SPECIALIST ADVICE ON RESOLVING BAIL MATTERS

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Court is fully empowered to enlarge the accused on bail subject to the provisions regarding the grant of bail. Thus, when a bail application is filed by an accused appearing in pursuance to a summons, the Magistrate has to pass a judicial order on the bail application, as he is discharging a judicial function while committing the case. When a judicial order has to be passed, the Magistrate has to apply his mind and pass an order and he is not expected to pass a mechanical order without going into the merits of the case but has to pass an order in accordance with the law regarding the grant of bail. Thus, a distinction has to be drawn between an accused who is “produced before Court” and “appears before Court”, and the same standard of approach cannot be made in remanding the accused to the custody. In cases where the accused appears in pursuance to a summons the bail application has to be considered and disposed of in accordance with the law regarding the grant of bail.

 

The ‘bail’ means as per Wharton’s Law Lexicon, to “set at liberty a person arrested on security being taken for his appearance’. As per the Encyclopaedia Britannica, the bail is a procedure by which a Judge: or Magistrate sets at liberty one who has been arrested, upon receipt of security to ensure the release prisoner’s latter appearance in Court for further proceedings.The Shorter Oxford English Dictionary gives the meaning for ‘Bail Bond’ as security given for his appearance at a time and place assigned. ‘Bail’ means temporary release from imprisonment on finding sureties or security to appear for trial.The meaning of ‘Bail’ as given in the Webster’s Encyclopaedic Unabridged Dictionary of the English Language is “to grant or obtain the liberty (of a person under arrest) on security given for his appearance when required as in Court for trial.

 

Laws related to Bail

New South Wales LAWS related to Bail –

  • SECTION 9 Decision to release without bail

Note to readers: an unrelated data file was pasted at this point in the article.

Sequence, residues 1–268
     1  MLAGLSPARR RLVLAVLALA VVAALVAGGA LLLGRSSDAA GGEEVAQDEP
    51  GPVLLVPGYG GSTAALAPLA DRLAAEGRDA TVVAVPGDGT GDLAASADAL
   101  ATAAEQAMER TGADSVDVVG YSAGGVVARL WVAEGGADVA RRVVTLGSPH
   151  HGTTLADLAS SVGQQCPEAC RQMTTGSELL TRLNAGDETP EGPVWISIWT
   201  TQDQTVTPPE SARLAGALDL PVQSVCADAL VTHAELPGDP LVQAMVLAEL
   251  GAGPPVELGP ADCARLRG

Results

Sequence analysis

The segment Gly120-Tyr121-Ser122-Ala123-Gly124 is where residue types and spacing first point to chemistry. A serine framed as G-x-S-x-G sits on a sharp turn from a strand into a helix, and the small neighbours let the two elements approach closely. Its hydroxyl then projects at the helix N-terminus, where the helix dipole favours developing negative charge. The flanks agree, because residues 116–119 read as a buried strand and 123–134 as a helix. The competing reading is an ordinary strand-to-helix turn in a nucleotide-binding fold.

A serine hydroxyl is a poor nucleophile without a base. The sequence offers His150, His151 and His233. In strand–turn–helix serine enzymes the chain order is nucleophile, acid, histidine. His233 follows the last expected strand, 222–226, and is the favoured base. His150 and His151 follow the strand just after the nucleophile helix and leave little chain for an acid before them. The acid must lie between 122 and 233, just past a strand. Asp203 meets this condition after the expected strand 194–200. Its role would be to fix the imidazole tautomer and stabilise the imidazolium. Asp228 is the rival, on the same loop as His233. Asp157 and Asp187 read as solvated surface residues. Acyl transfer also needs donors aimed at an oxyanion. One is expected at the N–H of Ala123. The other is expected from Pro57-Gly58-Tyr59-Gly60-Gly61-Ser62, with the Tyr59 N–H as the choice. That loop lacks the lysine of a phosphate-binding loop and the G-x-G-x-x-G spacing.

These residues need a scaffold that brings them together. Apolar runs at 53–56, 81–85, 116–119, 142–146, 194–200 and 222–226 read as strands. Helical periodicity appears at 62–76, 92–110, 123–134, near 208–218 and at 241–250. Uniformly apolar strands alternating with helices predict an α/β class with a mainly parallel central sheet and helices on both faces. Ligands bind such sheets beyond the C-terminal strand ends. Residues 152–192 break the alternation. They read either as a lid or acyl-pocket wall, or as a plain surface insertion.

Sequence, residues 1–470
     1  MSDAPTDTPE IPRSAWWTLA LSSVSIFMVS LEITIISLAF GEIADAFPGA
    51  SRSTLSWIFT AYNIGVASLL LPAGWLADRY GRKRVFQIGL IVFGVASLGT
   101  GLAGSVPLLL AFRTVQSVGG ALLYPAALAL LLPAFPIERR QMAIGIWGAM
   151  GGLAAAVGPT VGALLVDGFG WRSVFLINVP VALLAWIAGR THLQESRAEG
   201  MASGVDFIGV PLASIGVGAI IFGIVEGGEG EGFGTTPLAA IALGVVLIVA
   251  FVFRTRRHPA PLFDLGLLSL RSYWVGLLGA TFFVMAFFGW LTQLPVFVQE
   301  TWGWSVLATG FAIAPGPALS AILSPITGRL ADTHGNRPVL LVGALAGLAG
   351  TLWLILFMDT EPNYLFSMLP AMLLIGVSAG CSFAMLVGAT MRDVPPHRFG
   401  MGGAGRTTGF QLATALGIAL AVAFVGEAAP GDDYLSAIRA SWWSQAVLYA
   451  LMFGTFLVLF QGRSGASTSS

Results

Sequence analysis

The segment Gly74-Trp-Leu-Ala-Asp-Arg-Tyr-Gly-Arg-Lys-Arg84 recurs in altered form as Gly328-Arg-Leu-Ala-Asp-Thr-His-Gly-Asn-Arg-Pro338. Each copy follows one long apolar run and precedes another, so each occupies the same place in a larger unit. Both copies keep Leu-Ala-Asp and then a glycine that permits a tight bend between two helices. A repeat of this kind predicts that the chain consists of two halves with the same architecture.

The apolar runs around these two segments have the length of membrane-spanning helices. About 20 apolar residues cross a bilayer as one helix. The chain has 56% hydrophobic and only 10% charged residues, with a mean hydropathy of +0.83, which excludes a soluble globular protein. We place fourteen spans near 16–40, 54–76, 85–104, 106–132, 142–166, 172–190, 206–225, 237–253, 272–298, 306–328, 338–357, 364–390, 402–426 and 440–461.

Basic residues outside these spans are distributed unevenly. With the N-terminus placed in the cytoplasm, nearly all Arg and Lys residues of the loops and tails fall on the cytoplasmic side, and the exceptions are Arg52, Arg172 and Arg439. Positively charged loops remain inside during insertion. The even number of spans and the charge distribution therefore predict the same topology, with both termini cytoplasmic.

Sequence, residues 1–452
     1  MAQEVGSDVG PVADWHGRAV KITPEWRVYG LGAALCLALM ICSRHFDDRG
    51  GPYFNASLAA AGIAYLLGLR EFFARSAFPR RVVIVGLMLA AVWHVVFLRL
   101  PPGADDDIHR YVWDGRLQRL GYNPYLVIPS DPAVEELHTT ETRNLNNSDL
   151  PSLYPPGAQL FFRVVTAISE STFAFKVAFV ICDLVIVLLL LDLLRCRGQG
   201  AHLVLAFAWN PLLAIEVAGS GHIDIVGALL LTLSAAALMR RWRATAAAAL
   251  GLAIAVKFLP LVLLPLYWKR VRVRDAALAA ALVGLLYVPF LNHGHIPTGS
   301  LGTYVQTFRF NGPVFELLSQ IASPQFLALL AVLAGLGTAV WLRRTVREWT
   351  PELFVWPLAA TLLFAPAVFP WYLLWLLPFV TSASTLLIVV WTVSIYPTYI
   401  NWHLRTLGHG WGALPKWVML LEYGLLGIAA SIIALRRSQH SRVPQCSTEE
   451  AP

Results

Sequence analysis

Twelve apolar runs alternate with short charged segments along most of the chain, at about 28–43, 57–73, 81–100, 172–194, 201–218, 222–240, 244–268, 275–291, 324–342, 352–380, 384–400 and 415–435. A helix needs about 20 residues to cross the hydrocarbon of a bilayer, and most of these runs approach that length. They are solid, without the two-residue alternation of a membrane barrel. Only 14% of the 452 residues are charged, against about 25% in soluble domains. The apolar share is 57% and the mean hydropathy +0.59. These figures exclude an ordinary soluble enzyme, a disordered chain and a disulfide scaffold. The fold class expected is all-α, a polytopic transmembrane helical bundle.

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    A decision to release a person without bail can be made only by a police officer with power to make that bail decision under this Act.

  • SECTION 10 Decision to dispense with bail
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    (1) A decision to dispense with bail can be made only by a court or authorised justice with power to make that bail decision under this Act.
    (2) If bail for an offence is dispensed with, the person accused of the offence is entitled to be at liberty for the offence, in the same way as if bail had been granted.
    (3) A court or authorised justice is taken to have dispensed with bail for an offence if:
    (a) a person accused of the offence appears before the court or authorised justice in proceedings for the offence, and
    (b) the person has not previously been granted or refused bail for the offence, and
    (c) the court or authorised justice does not grant or refuse bail for the offence.

  • SECTION 11 Decision to grant or refuse bail
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    A decision to grant or refuse bail can be made only by a police officer, authorised justice or court with power to make that bail decision under this Act.

  • SECTION 12 Duration of bail?
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    (1) Bail ceases to have effect if:
    (a) it is revoked, or
    (b) substantive proceedings for the offence conclude and, at the conclusion of the proceedings, no further substantive proceedings for the offence are pending before a court.
    (2) Bail is not revived if, after the conclusion of substantive proceedings for an offence, further substantive proceedings for the offence are commenced. However, a new bail decision for the offence can be made under this Act.
    Note : Proceedings for an offence generally conclude if a person is convicted of and sentenced for the offence. If an appeal against the conviction or sentence is lodged after that conclusion, bail is not revived, but a new bail decision can be made.
    (3) If bail is granted by a bail authority for a specified period, bail ceases to have effect at the end of that period, unless sooner revoked.
    (4) An authorised justice or a court before which an accused person is required to appear under a bail acknowledgment may continue bail if:
    (a) bail would otherwise cease to have effect, and
    (b) substantive proceedings for the offence have not concluded.
  • SECT 17 Assessment of bail concerns?
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    Assessment of bail concerns
    (1) A bail authority must, before making a bail decision, assess any bail concerns.